Beginning Next Week: InsideCounsel will become part of Corporate Counsel. Bringing these two industry-leading websites together will now give you comprehensive coverage of the full spectrum of issues affecting today's General Counsel at companies of all sizes. You will continue to receive expert analysis on key issues including corporate litigation, labor developments, tech initiatives and intellectual property, as well as Women, Influence & Power in Law (WIPL) professional development content. Plus we'll be serving all ALM legal publications from one interconnected platform, powered by, giving you easy access to additional relevant content from other InsideCounsel sister publications.

To prevent a disruption in service, you will be automatically redirected to the new site next week. Thank you for being a valued InsideCounsel reader!


More On

Regulatory: When it comes to airport noise regulation, “Big Brother” is watching you

Local airport operators have few options when regulating noise

With the long awaited passage of the Federal Aviation Administration’s (FAA) Modernization and Reform Act of 2012, H.R. 658 (FAA Reauthorization Act), on March 6, 2012, the increasing pace of expansion of both commercial and general aviation airports, and the FAA’s new airspace redesign initiatives to reduce delay, airport noise and its impacts have become an increasingly hot topic.

In the old days, pre-1990, local airport operators, usually constituted of elected local representatives, could impose “reasonable, noise based, nondiscriminatory” regulations such as limits on the noisiest aircraft using the airport, as well as on the hours of operation (curfews). While many local communities currently impacted by noise from runway realignments and changes in approach and departure patterns still pressure their local representatives for relief, since the passage of the Airport Noise and Capacity Act of 1990 [1] (ANCA), the power to regulate airport noise has become, with very few exceptions, the exclusive province of the federal government. 

ANCA’s principal aim was to substitute advances in “quiet engine” technology for restrictions on airport operations. To carry out that aim, ANCA mandated that the noisiest, “Stage 2,” aircraft in excess of 75,000 lbs. (generally commercial aircraft)[2] would be phased entirely out of the existing fleet by Dec. 31, 1999 [3] and no new Stage 2 aircraft above 75,000 lbs. could be added after Nov. 5, 1990 [4] (Non-Addition Rule).[5]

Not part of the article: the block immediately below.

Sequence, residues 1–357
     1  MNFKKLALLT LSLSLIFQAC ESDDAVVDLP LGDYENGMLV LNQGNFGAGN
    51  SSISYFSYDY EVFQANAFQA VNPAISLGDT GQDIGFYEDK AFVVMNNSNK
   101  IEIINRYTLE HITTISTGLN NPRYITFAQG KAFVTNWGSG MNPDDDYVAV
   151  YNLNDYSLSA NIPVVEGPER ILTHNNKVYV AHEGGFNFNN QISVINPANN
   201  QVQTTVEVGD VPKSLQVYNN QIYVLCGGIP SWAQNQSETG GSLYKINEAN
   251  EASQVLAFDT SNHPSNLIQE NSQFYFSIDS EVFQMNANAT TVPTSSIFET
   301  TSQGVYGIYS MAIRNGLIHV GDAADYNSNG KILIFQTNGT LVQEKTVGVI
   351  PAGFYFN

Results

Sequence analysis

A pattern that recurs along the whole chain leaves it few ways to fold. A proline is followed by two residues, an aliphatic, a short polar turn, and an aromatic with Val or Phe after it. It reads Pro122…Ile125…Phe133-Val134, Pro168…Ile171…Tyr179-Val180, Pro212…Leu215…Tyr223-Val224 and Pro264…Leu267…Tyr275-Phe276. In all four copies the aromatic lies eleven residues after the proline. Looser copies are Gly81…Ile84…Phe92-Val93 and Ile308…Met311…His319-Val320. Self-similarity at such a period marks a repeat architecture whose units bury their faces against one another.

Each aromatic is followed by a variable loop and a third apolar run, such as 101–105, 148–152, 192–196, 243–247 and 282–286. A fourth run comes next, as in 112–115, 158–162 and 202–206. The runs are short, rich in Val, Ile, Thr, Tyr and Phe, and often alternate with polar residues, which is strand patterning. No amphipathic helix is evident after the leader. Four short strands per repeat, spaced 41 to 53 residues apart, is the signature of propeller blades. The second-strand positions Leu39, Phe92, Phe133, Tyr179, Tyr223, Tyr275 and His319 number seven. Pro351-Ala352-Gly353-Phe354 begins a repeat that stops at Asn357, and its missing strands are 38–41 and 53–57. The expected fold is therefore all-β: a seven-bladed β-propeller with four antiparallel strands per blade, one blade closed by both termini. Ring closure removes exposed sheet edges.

In return for ensured technological advances, ANCA divests local proprietors of the power to unilaterally regulate airport noise. 

An airport noise or access restriction on the operation of Stage 3 aircraft not in effect on Oct.1, 1990, may become effective only if the restriction has been agreed to by the airport proprietor and all aircraft operators or has been submitted to and approved by the Secretary of Transportation. . .,”[6]. 

The scope of this requirement is global. 

“Restrictions to which this paragraph applies include -- (A) a restriction on noise levels generated on either a single event or cumulative basis; (B) a restriction on the total number of Stage 3 aircraft operations; (C) a noise budget or noise allocation program that would include Stage 3 aircraft; (D) a restriction on hours of operations; and (E) any other restriction on Stage 3 aircraft.”

Exemptions do exist,[7] but they are case-specific. For example, subsection (d)(4), “a subsequent amendment to an airport noise or access agreement or restriction in effect on Nov. 5, 1990, that does not reduce or limit aircraft operations or affect aircraft safety” applies almost exclusively to John Wayne Airport in Orange County, Calif. 

The punishment for any attempt by a local proprietor to evade these restrictions is draconian, including loss of present and future federal funding and denial of the power to impose a “Passenger Facility Charge,” a type of local imposition used by airports directly (rather than through FAA grants) to fund existing and future airport improvements.[8]   

In summary, federal regulatory sovereignty over the “airspace of the United States” has long been comprehensive and preemptive of state and local restrictions.[9] ANCA brings that comprehensive control closer to earth by preempting local airport noise regulatory decision making. 

[1] 49 U.S.C. § 47521, et seq.

[2] The recently passed FAA Reauthorization Act applied the same restrictions to aircraft under 75,000 lbs. as had long been requested by communities around large general aviation airports, such as those in Naples, Florida and East Hampton, New York.

[3] 49 U.S.C. § 47528(a)

[4] 49 U.S.C. § 47529(a)(2)

[5] There are temporary exceptions to both rules, see, e.g., 49 U.S.C. § 47528(b) and 47529(b) and (c) which are no longer at issue after July 1, 1999.

[6] 49 U.S.C. § 47524(c)(1)

[7] 49 U.S.C. § 47524(d)(1)-(6)

[8] 49 U.S.C. § 47526

[9] 49 U.S.C. § 40103(a)(1); City of Burbank v. Lockheed Air Terminal, 411 U.S. 624, 638-39 (1973). 

Contributing Author

author image

Barbara Lichman

Barbara Lichman, Ph.D., is of counsel in the Orange County office of Buchalter Nemer representing public entities, land developers, airlines, airport owners/sponsors, municipalities, ports,...

Bio and more articles

Join the Conversation

Advertisement. Closing in 15 seconds.